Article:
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CU-Anschutz School of Medicine Website
Our laboratory is part of the Division of Reproductive Sciences and the Division of Reproductive Endocrinology within the Department of Obstetrics and Gynecology at the University of Colorado Anchutz Medical Campus in Aurora, Colorado. Our overall goal is to improve the health and well-being of women. In one central project, we are investigating mechanisms that lead to accelerated female reproductive aging, which can manifest when ovarian function ceases early in life relative to the expected time of menopause. Our group is focused on mechanisms that control primordial follicle growth activation (PFGA). The reason for this focus is that the rate of loss of the primordial reserve of follicles determines whether a woman will experience a 'normal' duration of ovarian function, or instead, face primary ovarian insufficiency (POI) where ovarian function ceases before the age of 40.
Approximately 1 in 250 women will experience POI prior to age 35, and 1 in 100 prior to age 40, An additional 5% of women experience ovarian failure between 40 and 45 years, outside the definition of POI. In combination, the cost of POI to individuals and to society is extraordinarily high. If afflicted with POI, women can face decades of increased risk for these problems of aging and their treatment limitations. Further characterizing the mechanism(s) that drive PFGA and thus ovarian aging will fill major gaps in our understanding of this critical biological process. This may lead to future interventions to slow ovarian aging and improve the health of women.
Lab Theme Highlight, Winter 2023: How random is ovarian aging?
November, 2022: Our work investigating ovarian aging using mathematical modeling continues, and we wrote up a blog post for a more general audience here. The post puts our recent work into context with several excellent "historical" publications, and argues that ovarian aging may arise as an "emergent behavior" that results from the action of individual primordial ovarian follicles. Is the mammalian ovary "a non-trivial, emergent, self-organizing system, with limited adaptive capacity?" Publications in this area are discussed below:
Our collaboration with Dr. Jay Emerson of the Yale University Department of Statistics and Data Science, and Dr. Sean Lawley of the Department of Mathematics at the University of Utah continues! We have followed up on our first manuscript on the topic ("Recapitulating Human Ovarian Aging Using Random Walks" in PeerJ with a second paper, online February 16, 2002 in lab favorite journal Biology of Reproduction. The new paper addresses the interesting question of "why there is an 'oversupply' of human ovarian follicles in newborn girls?" It is very well known that newborn girls can have upwards of a million primordial follicles, but of that large number, only a few thousand should be needed to keep adult ovarian function going, and only around 500 will likely ever ovulate an egg. If the mechanism that controls primordial follicle growth activation is stochastic, or "random," the large numbers of follicles early in life can keep a steady supply of growing follicles for decades! Experimental data is needed to further probe this question but the mathematical analysis is a great first step.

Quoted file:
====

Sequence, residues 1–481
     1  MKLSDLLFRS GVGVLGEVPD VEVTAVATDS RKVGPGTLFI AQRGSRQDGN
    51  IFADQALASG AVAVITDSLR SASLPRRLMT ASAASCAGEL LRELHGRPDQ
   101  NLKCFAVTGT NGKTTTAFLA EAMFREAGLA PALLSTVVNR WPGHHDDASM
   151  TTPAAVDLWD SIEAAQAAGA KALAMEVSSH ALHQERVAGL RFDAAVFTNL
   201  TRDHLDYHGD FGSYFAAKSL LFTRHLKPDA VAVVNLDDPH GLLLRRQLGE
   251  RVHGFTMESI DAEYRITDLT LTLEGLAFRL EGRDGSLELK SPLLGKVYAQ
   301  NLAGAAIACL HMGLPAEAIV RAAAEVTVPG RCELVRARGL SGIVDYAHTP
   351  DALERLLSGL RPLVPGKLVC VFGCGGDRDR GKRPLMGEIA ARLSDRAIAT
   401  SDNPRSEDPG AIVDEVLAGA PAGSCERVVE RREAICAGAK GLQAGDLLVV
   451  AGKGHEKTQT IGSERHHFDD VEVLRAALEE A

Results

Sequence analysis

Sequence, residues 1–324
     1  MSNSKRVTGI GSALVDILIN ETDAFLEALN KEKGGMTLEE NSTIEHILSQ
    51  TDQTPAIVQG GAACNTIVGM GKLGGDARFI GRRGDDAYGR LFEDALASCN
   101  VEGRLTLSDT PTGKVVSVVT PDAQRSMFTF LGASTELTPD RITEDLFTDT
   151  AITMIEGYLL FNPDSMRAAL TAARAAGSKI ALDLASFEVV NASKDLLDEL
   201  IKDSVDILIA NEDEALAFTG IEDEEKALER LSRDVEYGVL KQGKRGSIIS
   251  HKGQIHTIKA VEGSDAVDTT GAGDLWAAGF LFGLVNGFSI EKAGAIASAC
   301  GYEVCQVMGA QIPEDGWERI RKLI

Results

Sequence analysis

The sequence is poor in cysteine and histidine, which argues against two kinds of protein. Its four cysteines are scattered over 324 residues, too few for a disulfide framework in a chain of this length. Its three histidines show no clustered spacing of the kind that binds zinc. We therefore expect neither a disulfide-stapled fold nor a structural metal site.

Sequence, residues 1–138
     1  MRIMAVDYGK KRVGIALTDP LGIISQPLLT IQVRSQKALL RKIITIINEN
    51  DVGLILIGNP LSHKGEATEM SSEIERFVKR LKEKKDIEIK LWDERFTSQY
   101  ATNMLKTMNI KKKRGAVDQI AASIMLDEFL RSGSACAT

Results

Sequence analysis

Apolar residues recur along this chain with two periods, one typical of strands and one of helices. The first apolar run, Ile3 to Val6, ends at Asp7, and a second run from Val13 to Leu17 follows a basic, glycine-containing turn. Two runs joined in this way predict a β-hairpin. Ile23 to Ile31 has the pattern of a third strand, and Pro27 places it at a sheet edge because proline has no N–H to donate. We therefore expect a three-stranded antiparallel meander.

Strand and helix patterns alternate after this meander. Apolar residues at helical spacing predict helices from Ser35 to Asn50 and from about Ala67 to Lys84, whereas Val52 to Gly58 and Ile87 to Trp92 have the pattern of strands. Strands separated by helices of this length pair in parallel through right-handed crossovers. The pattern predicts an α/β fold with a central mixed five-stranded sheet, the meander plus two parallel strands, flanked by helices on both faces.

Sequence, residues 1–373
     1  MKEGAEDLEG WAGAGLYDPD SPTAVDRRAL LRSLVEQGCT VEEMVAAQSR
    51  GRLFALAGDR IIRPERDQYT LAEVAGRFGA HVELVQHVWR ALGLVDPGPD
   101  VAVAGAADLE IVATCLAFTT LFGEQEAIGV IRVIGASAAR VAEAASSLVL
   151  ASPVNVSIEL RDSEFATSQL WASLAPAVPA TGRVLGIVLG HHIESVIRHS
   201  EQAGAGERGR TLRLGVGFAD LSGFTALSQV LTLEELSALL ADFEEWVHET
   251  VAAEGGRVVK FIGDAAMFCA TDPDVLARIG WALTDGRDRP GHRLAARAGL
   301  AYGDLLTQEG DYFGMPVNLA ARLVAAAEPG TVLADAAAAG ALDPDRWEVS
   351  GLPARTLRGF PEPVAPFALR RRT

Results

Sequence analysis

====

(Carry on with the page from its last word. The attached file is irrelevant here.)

For both of these papers, we drew upon our prior work that identified the Integrated Stress Response pathway as a regulator of the cell cycle in ovarian follicles, and modeled dormant primordial ovarian follicles as undergoing random walks versus a threshold of growth. Remarkably, simulating hundreds of thousands of primordial follicles in this way recapitulates both the known pattern of follicle loss during aging, and also, the distribution that women undergo menopause. There are still new insights coming in the pipeline with implications for ovarian physiology and perhaps, with some clinical implications for ovarian aging! EASTER EGG: if you send an email to:
johnsonlab AT proton DOT me
with "SIM" in the subject line, we'll send you unique results of a random walk simulation of ovarian aging, using the R code developed for our paper, and run just for you.
Next, in a collaborative project with members of the Division of Urogynecology and Pelvic Floor Surgery, we are also investigating mechanisms that lead to the degeneration of pelvic floor support structures. We are focused on the cell and tissue biology of pelvic floor ligaments, as well as their biomechanical properties. Our goals here are to uncover preventative strategies to lessen the incidence of pelvic floor organ prolapse, and also reduce the recurrence of the condition.
Black History Month 2023, Interview with SSR Reflects
Last, it was a pleasure to visit with Dr. Dawit Tesfaye of Colorado State University to discuss my background and some of my (Josh's) experiences that led me here. That interview transcript is provided here.